This is a short novel featuring Doctor 5. "Blood and Hope" occupies the pure historical genre of Doctor Who stories, so has a place left vacant during the Peter Davison run on TV. This story also includes the character Erimem from the Big Finish audio series. The plot is fairly simple. The Doctor and companions land, immediately find themselves in trouble, get separated, and spend the rest of the story trying to reunite. In this case, they land at a farmhouse in the borderland between sides near the end of the American Civil War. The Doctor gets in trouble with a kind of jailbreak of some slaves, leaving Peri and Erimem to fend for themselves. The two have to pretend that Peri is a woman displaced by the war, and that Erimem is her slave. They run afoul of mad Confederate Colonel Jubal Eustace, who goes on a vendetta against them. Meanwhile, The Doctor has been forced into service as a surgeon for the Union army. Simple as the plot is, McLaughlin complicates the story and makes it more interesting by writing this as an epistolary novel. The main "narrators," therefore, are a Union officer named Will Johnson, writing letters home to his sweetheart about his search for his cousin, Paul le Val, who is forced into service for the Confederacy, and Peri, who is dictating a kind of personal confession of some action she does not want to admit to. There are a few other writers, plus some extracts of historical documents, but most of the narrating is from these two perspectives. This means that The Doctor is pretty much a side character, seen only in how his actions affect other characters. The novel is not "about" The Doctor all that much. Instead, it is about the psychological effects of war on Peri, Will, Paul, and Jubal. In that regard, the novel is fairly accurate, and McLaughlin does not overplay either the "you should be horrified" angle, or the sympathy angle. The plot does proceed by an abundance of remarkable coincidences, which seems to me a bit of lazy plotting. Overall, it is an interesting and worthwhile read.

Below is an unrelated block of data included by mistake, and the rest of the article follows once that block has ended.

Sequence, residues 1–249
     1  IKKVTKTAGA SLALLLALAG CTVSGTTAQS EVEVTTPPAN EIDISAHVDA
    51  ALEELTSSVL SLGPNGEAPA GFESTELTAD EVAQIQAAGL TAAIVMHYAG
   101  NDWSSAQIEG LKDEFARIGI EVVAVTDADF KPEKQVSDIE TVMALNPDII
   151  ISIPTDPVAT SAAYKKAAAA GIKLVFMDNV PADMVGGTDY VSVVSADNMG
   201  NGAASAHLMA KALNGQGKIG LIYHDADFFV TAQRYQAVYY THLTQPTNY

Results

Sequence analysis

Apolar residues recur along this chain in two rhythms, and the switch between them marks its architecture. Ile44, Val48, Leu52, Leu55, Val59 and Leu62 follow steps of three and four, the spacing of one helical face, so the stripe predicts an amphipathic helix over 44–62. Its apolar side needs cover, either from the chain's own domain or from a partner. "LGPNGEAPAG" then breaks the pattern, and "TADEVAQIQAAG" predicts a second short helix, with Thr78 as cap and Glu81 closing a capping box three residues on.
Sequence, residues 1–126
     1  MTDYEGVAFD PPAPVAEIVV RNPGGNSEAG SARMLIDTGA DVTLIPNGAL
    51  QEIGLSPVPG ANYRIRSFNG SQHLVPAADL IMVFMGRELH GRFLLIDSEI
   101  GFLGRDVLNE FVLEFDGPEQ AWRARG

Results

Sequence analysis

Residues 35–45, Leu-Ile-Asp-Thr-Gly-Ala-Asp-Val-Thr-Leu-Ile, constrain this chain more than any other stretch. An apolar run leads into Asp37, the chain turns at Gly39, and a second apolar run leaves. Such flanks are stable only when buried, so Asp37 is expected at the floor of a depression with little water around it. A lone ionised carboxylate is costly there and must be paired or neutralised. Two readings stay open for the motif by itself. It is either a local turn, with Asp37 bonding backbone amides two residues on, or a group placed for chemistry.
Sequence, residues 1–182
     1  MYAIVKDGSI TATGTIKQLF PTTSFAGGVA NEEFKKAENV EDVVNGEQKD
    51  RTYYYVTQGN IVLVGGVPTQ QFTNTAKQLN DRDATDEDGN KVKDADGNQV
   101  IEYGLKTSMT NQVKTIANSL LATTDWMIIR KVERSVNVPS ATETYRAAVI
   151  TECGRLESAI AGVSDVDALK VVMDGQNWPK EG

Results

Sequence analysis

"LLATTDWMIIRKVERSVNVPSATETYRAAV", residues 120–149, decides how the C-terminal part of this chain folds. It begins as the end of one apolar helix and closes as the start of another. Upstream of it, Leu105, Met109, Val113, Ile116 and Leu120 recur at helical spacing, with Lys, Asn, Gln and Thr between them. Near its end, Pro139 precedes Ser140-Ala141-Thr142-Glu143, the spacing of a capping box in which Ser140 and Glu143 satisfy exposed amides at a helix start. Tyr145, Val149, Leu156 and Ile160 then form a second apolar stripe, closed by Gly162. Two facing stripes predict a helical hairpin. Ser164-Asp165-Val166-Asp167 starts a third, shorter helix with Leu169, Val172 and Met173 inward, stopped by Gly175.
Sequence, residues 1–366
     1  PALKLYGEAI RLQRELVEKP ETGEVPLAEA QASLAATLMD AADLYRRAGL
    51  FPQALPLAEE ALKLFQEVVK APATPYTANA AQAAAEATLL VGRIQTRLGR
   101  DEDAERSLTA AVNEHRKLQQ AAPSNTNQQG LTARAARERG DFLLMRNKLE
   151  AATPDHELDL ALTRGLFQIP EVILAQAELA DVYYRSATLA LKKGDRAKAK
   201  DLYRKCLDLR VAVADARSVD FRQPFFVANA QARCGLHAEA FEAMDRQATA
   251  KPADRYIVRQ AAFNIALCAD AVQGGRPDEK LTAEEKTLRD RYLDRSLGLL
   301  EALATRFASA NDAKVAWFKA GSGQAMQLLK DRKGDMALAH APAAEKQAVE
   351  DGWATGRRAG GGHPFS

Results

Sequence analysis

Another War for Hex